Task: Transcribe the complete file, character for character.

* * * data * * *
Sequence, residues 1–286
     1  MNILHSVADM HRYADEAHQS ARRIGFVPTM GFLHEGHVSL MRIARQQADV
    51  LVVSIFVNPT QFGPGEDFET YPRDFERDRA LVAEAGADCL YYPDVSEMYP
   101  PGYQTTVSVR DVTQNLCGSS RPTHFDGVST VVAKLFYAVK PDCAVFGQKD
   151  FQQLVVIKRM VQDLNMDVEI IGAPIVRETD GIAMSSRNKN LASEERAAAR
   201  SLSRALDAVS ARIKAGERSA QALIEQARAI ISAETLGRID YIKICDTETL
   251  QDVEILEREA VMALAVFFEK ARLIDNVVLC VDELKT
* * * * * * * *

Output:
Sequence, residues 1–286
     1  MNILHSVADM HRYADEAHQS ARRIGFVPTM GFLHEGHVSL MRIARQQADV
    51  LVVSIFVNPT QFGPGEDFET YPRDFERDRA LVAEAGADCL YYPDVSEMYP
   101  PGYQTTVSVR DVTQNLCGSS RPTHFDGVST VVAKLFYAVK PDCAVFGQKD
   151  FQQLVVIKRM VQDLNMDVEI IGAPIVRETD GIAMSSRNKN LASEERAAAR
   201  SLSRALDAVS ARIKAGERSA QALIEQARAI ISAETLGRID YIKICDTETL
   251  QDVEILEREA VMALAVFFEK ARLIDNVVLC VDELKT